MOORESVILLE – When a police department uses the phrase “routine traffic stop,” it’s typically a frame of reference for an event that ended up being anything but ordinary.
That was the case May 4, when Mooresville K9 Officer Jordan Sheldon pulled over a vehicle along one of the town’s busiest roads, West Plaza Drive. “Routine” would dictate that Sheldon, a six-year veteran of the Mooresville Police Department, exited his patrol car, walked up to the stopped vehicle and engaged the driver in conversation.
All of those things may very well have happened. But at some point, this traffic stop tragically broke from routine.
Sheldon was shot. The driver fled.
It would be the 32-year-old officer’s last call on his final shift. Sheldon was pronounced dead at a hospital shortly after the shooting.
Police tracked the suspect down at a nearby apartment, where they found Michael Yovany Aldana, 28, dead from an apparently self-inflicted gunshot wound.
For a family, a police department and a community, routine was instantly turned on its head at 10 p.m. on an otherwise uneventful Saturday night. Their loved one, their colleague, their sworn protector was gone.
Just like that.
“We’re sad,” Mooresville Police Chief Damon Williams said the day after the shooting. “We’re hurt.”
Mooresville Mayor Miles Atkins was overcome with grief as he tried to come up with the words to soothe a suddenly scarred community.
“Mooresville, of all places,” he said. “How can this happen?”
But the reality, as Sheldon’s death reminded us, is that for law enforcement officers, the only certainty is uncertainty.
Including when they approach a vehicle during a traffic stop.
“Simply put, the officer in almost all cases has no idea who is in the vehicle or what their situation and mindset is, which makes all stops non-routine by definition,” said acting Huntersville Police Department Chief Bence Hoyle, also a former Cornelius chief. “Regardless of the techniques, officers just like Officer Sheldon take these risks thousands of times a day, every single day – risks that most people who have not experienced it would have a very difficult time with because it is real, and you feel it as you are walking to that vehicle.”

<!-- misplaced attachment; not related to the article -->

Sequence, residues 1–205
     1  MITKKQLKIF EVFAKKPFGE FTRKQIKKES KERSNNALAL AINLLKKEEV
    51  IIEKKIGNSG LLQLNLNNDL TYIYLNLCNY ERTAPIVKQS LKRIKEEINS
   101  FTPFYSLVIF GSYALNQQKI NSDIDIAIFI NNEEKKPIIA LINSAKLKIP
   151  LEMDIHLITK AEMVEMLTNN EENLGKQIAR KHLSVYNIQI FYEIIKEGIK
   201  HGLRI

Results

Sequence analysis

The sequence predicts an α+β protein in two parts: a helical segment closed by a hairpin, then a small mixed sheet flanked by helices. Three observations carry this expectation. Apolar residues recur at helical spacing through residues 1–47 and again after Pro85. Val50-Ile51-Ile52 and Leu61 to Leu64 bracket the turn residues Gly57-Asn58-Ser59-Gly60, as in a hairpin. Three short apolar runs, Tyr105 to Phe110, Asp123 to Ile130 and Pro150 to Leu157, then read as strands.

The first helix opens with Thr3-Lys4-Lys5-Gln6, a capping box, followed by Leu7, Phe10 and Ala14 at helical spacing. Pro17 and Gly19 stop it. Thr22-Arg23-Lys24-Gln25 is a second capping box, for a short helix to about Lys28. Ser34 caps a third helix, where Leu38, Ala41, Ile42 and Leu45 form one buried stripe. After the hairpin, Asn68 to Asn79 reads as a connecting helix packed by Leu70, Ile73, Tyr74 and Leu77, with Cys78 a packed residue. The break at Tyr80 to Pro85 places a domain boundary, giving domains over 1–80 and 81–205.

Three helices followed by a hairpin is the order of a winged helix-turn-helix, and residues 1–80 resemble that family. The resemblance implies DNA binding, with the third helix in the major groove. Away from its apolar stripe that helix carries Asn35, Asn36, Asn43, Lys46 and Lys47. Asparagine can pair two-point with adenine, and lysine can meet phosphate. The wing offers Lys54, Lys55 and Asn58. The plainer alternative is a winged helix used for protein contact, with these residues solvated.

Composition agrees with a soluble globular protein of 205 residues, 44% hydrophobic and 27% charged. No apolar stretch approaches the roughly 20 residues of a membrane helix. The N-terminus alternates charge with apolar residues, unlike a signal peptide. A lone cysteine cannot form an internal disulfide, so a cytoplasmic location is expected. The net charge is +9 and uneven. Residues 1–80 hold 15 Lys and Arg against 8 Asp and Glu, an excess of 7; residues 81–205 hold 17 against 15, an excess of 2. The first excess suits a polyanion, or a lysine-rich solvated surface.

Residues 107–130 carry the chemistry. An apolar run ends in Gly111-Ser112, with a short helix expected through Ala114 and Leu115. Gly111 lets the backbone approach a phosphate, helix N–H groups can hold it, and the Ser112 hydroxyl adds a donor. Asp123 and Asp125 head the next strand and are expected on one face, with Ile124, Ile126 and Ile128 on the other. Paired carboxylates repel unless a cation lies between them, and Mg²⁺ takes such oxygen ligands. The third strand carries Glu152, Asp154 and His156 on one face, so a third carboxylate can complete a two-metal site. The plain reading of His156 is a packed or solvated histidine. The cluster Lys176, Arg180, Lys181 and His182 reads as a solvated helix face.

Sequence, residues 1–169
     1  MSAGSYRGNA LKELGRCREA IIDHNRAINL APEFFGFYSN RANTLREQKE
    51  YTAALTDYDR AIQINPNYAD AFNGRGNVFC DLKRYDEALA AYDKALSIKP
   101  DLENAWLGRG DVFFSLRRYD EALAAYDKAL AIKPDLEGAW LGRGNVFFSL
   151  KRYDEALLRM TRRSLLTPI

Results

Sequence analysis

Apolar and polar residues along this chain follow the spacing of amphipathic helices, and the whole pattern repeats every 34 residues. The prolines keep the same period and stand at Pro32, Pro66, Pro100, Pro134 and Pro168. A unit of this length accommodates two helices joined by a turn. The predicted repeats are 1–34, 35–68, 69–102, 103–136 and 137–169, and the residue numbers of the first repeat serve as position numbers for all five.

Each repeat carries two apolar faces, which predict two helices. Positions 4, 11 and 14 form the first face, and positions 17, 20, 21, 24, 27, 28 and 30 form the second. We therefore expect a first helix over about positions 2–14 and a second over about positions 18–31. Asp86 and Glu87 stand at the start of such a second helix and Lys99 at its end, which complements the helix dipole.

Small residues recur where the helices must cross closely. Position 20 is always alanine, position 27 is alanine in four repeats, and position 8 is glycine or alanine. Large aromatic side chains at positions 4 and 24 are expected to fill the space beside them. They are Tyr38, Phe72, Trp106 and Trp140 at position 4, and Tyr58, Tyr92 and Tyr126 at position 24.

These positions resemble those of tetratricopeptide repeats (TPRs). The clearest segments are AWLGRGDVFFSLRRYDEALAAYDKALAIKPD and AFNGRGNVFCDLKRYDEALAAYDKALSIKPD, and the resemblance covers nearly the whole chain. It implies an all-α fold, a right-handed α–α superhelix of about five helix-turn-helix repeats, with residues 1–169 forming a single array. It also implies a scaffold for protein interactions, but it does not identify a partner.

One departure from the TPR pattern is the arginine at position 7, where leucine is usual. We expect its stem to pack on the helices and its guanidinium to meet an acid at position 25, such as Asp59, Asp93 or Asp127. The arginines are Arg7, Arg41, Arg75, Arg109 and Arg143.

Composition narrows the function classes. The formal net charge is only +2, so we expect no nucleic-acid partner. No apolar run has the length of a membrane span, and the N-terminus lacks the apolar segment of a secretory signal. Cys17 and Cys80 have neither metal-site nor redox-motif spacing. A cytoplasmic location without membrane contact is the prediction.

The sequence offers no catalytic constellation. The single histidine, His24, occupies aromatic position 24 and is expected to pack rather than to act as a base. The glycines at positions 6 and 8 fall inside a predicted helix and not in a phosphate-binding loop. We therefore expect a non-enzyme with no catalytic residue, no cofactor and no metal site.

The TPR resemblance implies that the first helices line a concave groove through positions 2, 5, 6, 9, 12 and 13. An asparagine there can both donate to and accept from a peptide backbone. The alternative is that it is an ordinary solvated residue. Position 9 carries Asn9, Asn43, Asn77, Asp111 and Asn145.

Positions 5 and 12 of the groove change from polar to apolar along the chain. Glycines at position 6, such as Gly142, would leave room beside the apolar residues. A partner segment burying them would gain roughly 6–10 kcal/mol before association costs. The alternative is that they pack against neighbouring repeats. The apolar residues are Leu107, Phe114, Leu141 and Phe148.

Davidson Police Chief Penny Dunn agreed.
“Nothing about our jobs is routine,” she said. “That’s why we always train our officers not to be complacent. You can go into a situation that appears routine and end up fighting for your life.”
The hypervigilance required of law enforcement officers makes an already stressful job even more psychologically and even physically taxing, but just one lapse can be tragic, Dunn added.
“Sometimes just putting on the uniform is like putting a target on our back,” she said.
Another sobering reminder from Sheldon’s death is that there’s no “safe” place to be a cop. Dunn says she often hears people say that it must be “better” to be a police officer in places like Davidson or Mooresville because they are small towns.
“The reality is that we deal with the same things” that larger departments do, she insisted. “Maybe it’s less frequent here, but we also have less resources. (Violence against officers) can and does happen anywhere, and Officer Sheldon’s death is proof of that.”
A day after Sheldon’s death, a man walked up to Biloxi, Miss., Officer Robert McKeithen in a parking lot and shot him several times without provocation. The 24-year officer and Air Force veteran died later at a hospital.
The following day, Tennessee Highway Patrol Trooper Matthew Gatti was killed when, while responding to a fire call, his patrol car collided with two tractor-trailers on Interstate 40.
Three days. Three ends of watch.
Huntersville’s Hoyle noted that police vigilance often is perceived as something different by those outside law enforcement.
“You will often hear public criticism of police because an officer approached a vehicle ‘like I was a criminal’ or ‘would not stand where I could see him’ or the often heard ‘there were three police cars stopping me,’” the chief said. “Having said that, police officers do what they do because they truly have a calling to serve others. The motivation of a person to sacrifice their own personal safety for the benefit of others for less-than-average pay is the most unselfish thing one can do, and the pride you feel in that sacrifice is rewarding. Officer Sheldon no doubt knew the risks but chose to continue to serve his community anyway. That is something only a very few special people are willing to do.”
People like Jordan Sheldon, who go to work not knowing what to expect.
Except that they will go home at the end of their shift.
Services are Friday
Services for slain Mooresville K9 Officer Jordan Sheldon will be Friday at 11 a.m. at Calvary Church in Charlotte.
A procession of public safety vehicles will accompany Sheldon from a funeral home in Concord to the church, which is at 5801 Pineville-Matthews Road. Following the service, a procession will travel to the Mooresville Police Department.